There's some you know, some place you spoke about, you know, how. Yeah, I mean, what you say is like we're all disabled in the same way that we're all dying, like it's just more obvious in some life. Yeah. And in certain moments. Yeah.


Yeah. No, I mean, that's the reality is we're all headed there. Oh yeah, we are.


And you said I thought this was this was very striking to me. Just, you know, getting this into context.


You're talking about your husband, Paul, and how it's true that he has to care for you in in in complex ways, but really in ways that many spouses care for their spouse at different stages of life. Yeah. Who you know, he cares for you in a way that you might expect and in many marriages for him not to have to to to care for you when you're older or you've been married longer. But that reality belongs to all of us, just as you're as you're saying.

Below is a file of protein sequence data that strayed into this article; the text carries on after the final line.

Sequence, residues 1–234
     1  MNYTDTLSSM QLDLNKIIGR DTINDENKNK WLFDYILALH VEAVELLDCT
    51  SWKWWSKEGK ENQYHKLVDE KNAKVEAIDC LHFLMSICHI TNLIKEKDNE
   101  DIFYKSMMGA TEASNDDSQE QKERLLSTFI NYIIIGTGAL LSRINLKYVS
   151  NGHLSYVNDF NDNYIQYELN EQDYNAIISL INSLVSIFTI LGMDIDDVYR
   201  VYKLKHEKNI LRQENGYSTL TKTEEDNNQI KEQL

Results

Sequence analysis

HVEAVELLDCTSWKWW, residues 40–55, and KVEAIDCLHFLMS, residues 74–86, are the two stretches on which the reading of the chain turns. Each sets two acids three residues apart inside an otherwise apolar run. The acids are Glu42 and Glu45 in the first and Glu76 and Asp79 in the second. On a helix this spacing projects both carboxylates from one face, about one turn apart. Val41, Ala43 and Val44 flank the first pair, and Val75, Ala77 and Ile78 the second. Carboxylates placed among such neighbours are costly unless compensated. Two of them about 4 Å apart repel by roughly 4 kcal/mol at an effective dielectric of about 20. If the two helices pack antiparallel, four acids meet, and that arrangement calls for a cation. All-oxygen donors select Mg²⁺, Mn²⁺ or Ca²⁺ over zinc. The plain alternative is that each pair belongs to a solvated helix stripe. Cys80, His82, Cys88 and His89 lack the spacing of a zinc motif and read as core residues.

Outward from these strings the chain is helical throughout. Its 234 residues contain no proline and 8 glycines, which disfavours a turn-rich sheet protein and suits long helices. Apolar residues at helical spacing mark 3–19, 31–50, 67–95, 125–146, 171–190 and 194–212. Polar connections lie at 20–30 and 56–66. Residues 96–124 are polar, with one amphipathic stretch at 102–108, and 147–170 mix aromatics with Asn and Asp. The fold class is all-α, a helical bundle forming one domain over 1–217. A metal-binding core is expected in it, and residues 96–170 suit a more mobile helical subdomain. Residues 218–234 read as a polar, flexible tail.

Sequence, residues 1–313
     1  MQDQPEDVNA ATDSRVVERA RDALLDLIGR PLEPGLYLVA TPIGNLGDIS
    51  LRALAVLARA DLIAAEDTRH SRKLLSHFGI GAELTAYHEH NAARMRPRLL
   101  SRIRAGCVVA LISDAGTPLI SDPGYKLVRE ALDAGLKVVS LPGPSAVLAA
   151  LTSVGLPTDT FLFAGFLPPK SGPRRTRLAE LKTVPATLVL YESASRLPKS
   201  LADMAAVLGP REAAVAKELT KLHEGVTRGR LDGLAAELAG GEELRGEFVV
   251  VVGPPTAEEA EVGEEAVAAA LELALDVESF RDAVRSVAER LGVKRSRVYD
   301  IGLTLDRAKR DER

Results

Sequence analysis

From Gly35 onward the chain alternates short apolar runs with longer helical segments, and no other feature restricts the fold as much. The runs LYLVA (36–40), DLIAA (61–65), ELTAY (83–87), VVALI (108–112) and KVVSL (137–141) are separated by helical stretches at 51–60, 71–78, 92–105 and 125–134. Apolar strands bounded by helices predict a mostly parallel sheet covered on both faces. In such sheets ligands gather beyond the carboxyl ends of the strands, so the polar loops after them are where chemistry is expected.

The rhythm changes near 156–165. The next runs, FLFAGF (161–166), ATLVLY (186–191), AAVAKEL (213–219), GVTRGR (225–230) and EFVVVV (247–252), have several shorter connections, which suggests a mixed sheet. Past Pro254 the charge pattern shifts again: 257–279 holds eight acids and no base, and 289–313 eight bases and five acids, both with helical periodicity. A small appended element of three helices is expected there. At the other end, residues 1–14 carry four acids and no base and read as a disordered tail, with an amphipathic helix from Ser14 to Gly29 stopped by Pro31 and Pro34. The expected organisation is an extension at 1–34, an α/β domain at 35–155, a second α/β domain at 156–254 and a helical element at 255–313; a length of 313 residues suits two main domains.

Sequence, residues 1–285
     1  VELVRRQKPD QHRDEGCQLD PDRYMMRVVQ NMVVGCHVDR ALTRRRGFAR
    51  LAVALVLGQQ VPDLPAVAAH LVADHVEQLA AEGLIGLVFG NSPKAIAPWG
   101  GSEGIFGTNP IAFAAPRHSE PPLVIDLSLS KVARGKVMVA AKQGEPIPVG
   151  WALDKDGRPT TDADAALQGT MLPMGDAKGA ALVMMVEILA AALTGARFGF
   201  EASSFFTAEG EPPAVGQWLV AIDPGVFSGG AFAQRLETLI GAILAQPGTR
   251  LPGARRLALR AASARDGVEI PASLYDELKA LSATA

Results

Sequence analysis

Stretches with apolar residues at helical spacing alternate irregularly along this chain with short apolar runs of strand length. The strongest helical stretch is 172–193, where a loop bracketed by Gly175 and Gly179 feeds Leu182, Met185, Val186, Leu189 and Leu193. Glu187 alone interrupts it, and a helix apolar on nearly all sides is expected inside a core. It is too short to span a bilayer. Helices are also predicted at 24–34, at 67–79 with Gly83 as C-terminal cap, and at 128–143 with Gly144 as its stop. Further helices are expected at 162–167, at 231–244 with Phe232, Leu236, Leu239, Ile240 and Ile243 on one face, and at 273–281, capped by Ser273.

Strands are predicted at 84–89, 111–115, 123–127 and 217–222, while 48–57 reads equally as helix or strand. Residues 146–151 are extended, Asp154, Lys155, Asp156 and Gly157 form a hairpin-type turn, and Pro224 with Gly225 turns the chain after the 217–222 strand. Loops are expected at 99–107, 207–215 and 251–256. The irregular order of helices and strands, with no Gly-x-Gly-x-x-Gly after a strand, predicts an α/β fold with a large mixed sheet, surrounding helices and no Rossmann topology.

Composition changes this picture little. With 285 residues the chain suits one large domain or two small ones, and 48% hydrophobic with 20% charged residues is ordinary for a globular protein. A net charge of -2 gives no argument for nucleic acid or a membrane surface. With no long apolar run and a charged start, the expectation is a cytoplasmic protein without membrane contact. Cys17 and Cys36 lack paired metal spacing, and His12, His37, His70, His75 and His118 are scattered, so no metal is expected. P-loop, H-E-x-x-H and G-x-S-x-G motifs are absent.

Yeah, yeah, yeah. We just sped up for like four decades or something, but, um. Yeah.


And then the thing is, is that that's the thing is I think we care for each other and his is more physical. Well his is both, but like he does a lot of physical stuff. But to assume that just because you need physical care that you're not also providing other care is important to remember.


So I feel like one thing I would love to see in my lifetime is a linking of older people to understand disability in a way that's so it's easier to age. You know, all of my grandparents have struggled with getting older and being really frustrated with their bodies changing and feeling like a burden. And all of these things that you have to deal with as a disabled person and like make peace with to just like have a happy life. You know, um, and I wish that we talked about this stuff sooner so that when you are older and you suddenly need someone to drive you to the grocery store that you don't like, hate your life, there's no reason to, you know, like if you see it as a context of just a different part of the human cycle, that's just as valuable.